Skip to content

The Fall of Troy – Doppelganger

From Yes to Dillinger Escape Plan, Blood Brothers to The Mars Volta, loads of influences, both contemporary and classic, The Fall of Troy is a band whose musical impressions are reciprocated with destruction, grace, and originality. The threesome seems to be suffering from multiple personality disorder, greeting you with deftly confrontational guitar acrobatics and soaring harmonies, then ambushing from a wooden horse, crushing you with mathematical breakdowns and fiery screams. Exhaustive and beautiful, their chaos gives way to free form, jam style instrumentation with eerily soft and ominous interludes, all the more jaw dropping considering they are a trio unable to buy a beer legally in the states.


Representin’ north Seattle, Thomas Erak (vocals, guitar), Tim Ward (bass, vocals), and Andrew Forsman (drums) formed in high school under the 17th century conflict moniker, Thirty Years War, soon opting for the more romantic, Greek tragedy inspired, The Fall of Troy. They soon recorded their self-titled debut full length on local label Lujo records, in one take no less. The record captured their frenetic energy and raw skills, but production suffered slightly, hindering them from fully realizing their potential.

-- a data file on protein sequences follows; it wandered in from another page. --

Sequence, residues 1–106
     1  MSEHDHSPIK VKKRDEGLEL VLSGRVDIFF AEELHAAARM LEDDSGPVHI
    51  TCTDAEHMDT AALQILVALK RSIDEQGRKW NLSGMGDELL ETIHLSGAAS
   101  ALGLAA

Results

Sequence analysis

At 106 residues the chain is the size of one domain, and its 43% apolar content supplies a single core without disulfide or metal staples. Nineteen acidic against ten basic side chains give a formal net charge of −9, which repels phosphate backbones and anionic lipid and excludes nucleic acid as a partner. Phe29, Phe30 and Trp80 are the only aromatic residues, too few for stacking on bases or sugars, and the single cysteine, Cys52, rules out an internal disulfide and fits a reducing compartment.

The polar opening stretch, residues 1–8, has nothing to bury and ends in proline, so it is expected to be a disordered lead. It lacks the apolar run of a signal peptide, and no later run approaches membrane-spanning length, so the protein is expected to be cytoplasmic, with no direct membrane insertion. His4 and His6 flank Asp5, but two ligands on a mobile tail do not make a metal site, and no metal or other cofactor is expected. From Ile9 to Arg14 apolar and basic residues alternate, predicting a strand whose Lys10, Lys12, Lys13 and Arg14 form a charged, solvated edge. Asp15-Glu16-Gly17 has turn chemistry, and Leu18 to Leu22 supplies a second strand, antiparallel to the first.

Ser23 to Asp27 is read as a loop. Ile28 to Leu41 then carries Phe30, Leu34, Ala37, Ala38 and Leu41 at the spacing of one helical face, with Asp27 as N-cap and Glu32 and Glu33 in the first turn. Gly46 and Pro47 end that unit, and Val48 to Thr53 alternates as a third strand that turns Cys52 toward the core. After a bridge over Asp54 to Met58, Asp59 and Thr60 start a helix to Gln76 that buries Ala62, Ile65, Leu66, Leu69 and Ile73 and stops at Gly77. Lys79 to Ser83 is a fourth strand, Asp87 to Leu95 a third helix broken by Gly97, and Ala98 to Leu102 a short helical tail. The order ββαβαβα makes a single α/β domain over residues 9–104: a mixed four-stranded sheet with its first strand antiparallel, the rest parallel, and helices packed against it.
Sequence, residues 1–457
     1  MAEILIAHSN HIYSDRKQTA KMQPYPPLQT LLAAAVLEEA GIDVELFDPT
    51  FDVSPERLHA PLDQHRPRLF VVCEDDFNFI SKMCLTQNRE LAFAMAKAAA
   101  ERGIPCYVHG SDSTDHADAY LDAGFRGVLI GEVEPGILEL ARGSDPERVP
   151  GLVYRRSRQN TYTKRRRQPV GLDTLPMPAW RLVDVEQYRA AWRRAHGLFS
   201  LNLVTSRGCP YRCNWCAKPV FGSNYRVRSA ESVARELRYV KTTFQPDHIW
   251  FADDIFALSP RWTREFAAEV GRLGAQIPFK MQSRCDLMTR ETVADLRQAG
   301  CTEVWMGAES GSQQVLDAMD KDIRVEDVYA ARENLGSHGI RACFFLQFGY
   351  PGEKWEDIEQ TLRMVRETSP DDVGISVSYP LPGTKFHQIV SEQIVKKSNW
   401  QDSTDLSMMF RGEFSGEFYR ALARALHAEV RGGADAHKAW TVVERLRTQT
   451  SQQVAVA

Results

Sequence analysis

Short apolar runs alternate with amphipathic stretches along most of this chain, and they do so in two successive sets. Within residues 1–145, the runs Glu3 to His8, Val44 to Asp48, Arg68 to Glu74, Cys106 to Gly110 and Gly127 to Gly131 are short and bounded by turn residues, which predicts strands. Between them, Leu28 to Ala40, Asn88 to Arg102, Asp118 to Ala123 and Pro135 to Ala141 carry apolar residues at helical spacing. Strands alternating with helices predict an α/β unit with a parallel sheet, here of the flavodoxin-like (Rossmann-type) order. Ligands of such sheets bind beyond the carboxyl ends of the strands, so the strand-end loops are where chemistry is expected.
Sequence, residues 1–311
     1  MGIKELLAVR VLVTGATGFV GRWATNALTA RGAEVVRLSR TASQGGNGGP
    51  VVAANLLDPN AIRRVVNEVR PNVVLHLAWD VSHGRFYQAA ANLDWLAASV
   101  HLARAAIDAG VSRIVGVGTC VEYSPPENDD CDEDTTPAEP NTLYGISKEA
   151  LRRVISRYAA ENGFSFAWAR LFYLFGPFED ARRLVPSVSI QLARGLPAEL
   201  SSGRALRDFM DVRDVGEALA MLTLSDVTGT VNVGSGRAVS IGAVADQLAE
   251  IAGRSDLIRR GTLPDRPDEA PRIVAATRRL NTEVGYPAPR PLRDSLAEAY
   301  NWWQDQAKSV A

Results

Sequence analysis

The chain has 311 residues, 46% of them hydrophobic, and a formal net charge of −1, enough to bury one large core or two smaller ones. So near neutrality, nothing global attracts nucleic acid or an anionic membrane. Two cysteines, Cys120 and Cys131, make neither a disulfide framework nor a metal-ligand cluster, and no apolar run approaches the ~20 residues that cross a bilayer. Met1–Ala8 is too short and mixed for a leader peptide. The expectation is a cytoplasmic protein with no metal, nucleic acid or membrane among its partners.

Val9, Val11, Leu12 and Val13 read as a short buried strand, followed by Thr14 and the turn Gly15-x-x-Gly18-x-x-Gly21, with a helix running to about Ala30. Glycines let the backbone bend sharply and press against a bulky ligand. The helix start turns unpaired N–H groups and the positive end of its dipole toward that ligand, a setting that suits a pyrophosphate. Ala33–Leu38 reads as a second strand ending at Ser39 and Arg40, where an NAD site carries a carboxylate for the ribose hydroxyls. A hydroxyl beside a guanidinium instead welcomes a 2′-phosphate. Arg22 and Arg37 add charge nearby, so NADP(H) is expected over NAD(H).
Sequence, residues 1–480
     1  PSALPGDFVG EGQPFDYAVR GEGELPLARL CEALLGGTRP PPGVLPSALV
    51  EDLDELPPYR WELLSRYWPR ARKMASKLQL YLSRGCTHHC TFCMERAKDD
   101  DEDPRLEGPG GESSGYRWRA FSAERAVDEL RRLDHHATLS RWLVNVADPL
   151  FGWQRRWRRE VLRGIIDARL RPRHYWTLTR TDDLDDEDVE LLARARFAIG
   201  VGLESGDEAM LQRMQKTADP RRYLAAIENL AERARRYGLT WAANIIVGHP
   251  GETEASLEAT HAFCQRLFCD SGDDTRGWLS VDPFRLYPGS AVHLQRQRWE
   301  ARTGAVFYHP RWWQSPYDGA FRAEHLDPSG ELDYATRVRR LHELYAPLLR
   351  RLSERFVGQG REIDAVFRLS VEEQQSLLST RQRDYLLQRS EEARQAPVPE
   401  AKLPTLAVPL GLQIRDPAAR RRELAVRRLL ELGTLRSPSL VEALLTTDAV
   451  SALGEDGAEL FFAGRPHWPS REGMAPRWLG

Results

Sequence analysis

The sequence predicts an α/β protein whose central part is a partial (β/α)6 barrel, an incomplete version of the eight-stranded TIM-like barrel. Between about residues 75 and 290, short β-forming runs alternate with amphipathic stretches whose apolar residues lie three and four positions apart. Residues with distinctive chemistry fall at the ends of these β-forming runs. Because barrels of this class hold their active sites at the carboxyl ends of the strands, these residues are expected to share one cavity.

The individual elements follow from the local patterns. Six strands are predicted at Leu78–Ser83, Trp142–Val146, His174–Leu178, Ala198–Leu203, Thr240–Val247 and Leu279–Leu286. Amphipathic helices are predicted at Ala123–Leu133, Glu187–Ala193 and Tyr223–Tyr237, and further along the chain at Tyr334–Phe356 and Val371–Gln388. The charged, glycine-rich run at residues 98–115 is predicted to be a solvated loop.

In 2005, after a prolonged courtship, they signed on with Equal Vision and headed into the studio with producer extraordinaire Barrett Jones (Foo Fighters, Melvins, Jawbox) to craft Doppelganger, a glorious disarray of songs that finds them in defiance of modern musical conventions and refusing to adhere to any one path of expression. It is a case of art, reflecting the series of jagged snapshots found in daily life, coagulating into an organic mess, and single handedly toppling the towers of the contrived.

From the opening David Knudson-esque fret-board tap dancing notes of “I just got this symphony goin’,” to the dancy and melodic “Act one, scene one,” the compositions never let you up to breathe, and is one of those handful of records that come out each year that is stellar front to back.

If there is one knock, it’s that it could use another couple of songs, and that maybe there is TOO much going on musically, but for a generation riddled with ADD, it is a welcome soundtrack. Expect to hear a lot more from The Fall of Troy in 2005. It seems they can do no wrong, and with Fleetwood Mac and Outkast being staples in their tour van, how could you not love these diversified and handsome young men?


Sign up to our newsletter and get updates to your mailbox